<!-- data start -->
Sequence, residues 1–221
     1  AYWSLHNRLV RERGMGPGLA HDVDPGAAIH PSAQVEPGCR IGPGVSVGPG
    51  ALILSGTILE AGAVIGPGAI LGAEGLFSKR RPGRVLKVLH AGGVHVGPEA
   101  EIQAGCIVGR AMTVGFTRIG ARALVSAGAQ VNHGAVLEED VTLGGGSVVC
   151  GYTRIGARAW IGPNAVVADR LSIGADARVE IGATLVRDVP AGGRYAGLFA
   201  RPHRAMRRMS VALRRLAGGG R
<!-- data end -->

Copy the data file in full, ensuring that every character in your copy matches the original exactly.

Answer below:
Sequence, residues 1–221
     1  AYWSLHNRLV RERGMGPGLA HDVDPGAAIH PSAQVEPGCR IGPGVSVGPG
    51  ALILSGTILE AGAVIGPGAI LGAEGLFSKR RPGRVLKVLH AGGVHVGPEA
   101  EIQAGCIVGR AMTVGFTRIG ARALVSAGAQ VNHGAVLEED VTLGGGSVVC
   151  GYTRIGARAW IGPNAVVADR LSIGADARVE IGATLVRDVP AGGRYAGLFA
   201  RPHRAMRRMS VALRRLAGGG R